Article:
MLD 2011 Draft Thread II
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07-29-2011, 09:33 PM
Join Date: Mar 2007
Location: Philadelphia, PA
With my 1st pick, I'll take
C/RW Mark Johnson
1x NHL All Star Game Participant
1980 Olympic Gold Medalist
Hartford Whalers Captain, 1983-85
United States Hockey Hall of Fame Member
IIHF Hockey Hall of Fame Member
SH TOI/G(80-87, excluding 83-85): 3, 4, 1, 5, 1
Leading scorer of US 1980 Olympic Team
26th in points, 1983-84
29th in assists, 1983-84
Under the guidance of his famous father, he enjoyed three outstanding years at the University of Wisconsin. He racked up 256 points over those years and was twice selected to the Western Collegiate Hockey Association All-Star Team after leading the conference in goals. His relative lack of size caused many teams to avoid drafting him, but the Pittsburgh Penguins selected him 66th overall at the 1977 Amateur Draft with the hope that he would mature in college and gain valuable international experience wearing the colors of the United States.
He played well for the U.S. at the 1978 and 1979 World Championships before committing to the national team as it prepared for the Lake Placid Olympics. Then J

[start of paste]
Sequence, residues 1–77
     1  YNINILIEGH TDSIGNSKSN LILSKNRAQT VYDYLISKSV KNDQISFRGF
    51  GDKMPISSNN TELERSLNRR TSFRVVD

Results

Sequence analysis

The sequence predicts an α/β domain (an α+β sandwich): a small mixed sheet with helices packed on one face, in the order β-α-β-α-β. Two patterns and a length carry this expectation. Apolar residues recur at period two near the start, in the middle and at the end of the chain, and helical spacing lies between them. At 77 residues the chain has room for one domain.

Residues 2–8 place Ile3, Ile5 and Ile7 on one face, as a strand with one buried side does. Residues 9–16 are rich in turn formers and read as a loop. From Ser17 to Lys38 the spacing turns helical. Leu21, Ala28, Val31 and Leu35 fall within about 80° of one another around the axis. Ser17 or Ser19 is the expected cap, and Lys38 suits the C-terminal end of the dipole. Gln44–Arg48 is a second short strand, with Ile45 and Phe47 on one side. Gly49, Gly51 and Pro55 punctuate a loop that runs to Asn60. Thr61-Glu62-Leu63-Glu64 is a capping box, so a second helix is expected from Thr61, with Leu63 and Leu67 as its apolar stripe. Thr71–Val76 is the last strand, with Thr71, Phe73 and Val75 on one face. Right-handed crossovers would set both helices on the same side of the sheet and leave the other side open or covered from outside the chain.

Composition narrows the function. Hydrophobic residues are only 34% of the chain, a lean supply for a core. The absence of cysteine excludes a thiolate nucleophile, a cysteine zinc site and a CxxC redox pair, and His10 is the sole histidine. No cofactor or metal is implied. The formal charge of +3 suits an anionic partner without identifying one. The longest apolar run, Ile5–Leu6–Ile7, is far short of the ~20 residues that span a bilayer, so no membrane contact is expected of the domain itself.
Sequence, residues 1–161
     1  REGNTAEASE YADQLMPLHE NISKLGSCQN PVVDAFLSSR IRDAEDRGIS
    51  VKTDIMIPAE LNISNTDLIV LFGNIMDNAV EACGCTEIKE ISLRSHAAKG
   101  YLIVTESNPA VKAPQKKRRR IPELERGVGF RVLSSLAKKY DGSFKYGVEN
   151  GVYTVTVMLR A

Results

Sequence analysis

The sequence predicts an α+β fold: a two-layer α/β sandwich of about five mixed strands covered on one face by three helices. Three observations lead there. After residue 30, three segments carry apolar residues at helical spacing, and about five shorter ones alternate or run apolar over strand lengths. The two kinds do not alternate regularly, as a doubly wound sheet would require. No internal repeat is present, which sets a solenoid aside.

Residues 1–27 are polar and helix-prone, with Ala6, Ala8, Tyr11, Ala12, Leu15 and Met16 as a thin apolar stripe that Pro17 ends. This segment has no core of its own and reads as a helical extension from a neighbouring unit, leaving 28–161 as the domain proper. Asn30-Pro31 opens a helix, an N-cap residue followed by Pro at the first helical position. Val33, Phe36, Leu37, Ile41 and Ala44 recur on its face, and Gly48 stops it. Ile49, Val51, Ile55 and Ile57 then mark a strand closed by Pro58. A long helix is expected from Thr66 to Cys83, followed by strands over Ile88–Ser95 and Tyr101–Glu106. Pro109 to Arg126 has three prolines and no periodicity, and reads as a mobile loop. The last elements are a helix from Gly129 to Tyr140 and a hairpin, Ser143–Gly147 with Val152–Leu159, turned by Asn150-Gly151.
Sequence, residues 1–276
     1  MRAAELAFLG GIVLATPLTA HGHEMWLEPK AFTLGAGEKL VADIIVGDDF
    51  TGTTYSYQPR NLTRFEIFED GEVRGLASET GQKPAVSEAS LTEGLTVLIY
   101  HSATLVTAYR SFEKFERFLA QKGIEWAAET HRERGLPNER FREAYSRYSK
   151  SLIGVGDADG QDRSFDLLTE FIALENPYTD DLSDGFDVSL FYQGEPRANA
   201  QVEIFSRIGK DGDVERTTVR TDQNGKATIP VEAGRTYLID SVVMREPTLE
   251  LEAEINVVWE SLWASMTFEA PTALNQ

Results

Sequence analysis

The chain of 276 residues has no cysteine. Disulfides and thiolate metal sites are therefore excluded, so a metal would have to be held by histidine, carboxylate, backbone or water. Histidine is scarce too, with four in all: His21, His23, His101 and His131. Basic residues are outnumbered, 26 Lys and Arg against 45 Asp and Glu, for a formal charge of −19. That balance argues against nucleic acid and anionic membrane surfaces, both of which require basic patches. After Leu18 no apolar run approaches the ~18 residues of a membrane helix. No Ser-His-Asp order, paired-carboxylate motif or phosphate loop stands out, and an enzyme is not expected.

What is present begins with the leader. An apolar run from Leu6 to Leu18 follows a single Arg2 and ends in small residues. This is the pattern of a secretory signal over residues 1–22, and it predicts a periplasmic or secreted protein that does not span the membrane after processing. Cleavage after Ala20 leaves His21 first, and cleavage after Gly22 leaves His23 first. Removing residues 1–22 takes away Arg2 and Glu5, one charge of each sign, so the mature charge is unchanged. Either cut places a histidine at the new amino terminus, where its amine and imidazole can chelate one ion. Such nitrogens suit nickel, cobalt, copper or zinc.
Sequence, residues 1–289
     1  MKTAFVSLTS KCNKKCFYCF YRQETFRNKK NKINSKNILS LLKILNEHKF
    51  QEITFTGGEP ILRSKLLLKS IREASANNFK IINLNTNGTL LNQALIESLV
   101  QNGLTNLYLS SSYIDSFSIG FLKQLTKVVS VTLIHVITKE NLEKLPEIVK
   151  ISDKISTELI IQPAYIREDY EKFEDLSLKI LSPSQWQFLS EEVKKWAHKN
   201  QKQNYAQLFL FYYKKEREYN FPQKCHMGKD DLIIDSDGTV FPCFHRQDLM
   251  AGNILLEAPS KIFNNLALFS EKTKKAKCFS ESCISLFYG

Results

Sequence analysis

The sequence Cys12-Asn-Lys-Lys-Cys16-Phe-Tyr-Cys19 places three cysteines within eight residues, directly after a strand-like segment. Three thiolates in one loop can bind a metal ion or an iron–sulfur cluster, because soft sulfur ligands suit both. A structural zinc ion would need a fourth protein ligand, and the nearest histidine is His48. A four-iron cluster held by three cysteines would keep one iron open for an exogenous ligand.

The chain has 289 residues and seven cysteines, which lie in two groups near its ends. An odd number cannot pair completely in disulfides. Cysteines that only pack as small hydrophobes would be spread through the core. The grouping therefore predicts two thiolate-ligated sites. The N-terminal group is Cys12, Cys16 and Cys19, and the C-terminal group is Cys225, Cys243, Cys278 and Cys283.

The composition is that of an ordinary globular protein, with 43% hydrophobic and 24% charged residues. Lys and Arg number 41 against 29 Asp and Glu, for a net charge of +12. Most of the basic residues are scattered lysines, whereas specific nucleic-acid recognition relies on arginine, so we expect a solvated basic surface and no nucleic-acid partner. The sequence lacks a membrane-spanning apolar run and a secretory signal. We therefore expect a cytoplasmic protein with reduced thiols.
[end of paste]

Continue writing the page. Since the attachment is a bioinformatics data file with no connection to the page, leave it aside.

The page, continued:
ohnson proved to be one of the top players during Team USA's Miracle on Ice gold medal win in 1980. He scored 11 points in seven matches and was a respected figure in the dressing room. His two biggest goals came in the 4-3 upset over the USSR that paved the way to the gold medal.
After the Games, Johnson joined the Penguins for the last 17 regular-season games and first round of the playoffs. His acquisition brought the team some badly needed headlines in a city where the sports pages were dominated by the Steelers in football and the Pirates in baseball. He played solidly and proved he could stand the pace of the NHL game. As a rookie in 1980-81, he scored 33 points on a weak Pittsburgh squad and then represented the U.S. at the World Championship in the spring and the Canada Cup in the fall. Halfway through the 1981-82 season, he was traded to Minnesota. Following the North Stars' early exit from the playoffs at the hands of Chicago, Johnson again represented his country at the World Championship.
His career took a turn for the better when he was sent to Hartford in a deal consummated at the NHL Entry Draft.
The Whalers utilized his speed and offensive savvy in a way that allowed him to play his best hockey as a professional
. He was often teamed with xxx and xxx and produced consecutive 30-goal seasons in 1982-83 and 1983-84.
In 1984, after a 35 goal season, he was named the Whalers' most valuable player. As William Houston noted, "It took him a while to learn the little tricks needed to make a small man effective in the rough NHL when to drive for the net, when to be aggressive and when to back off to save energy."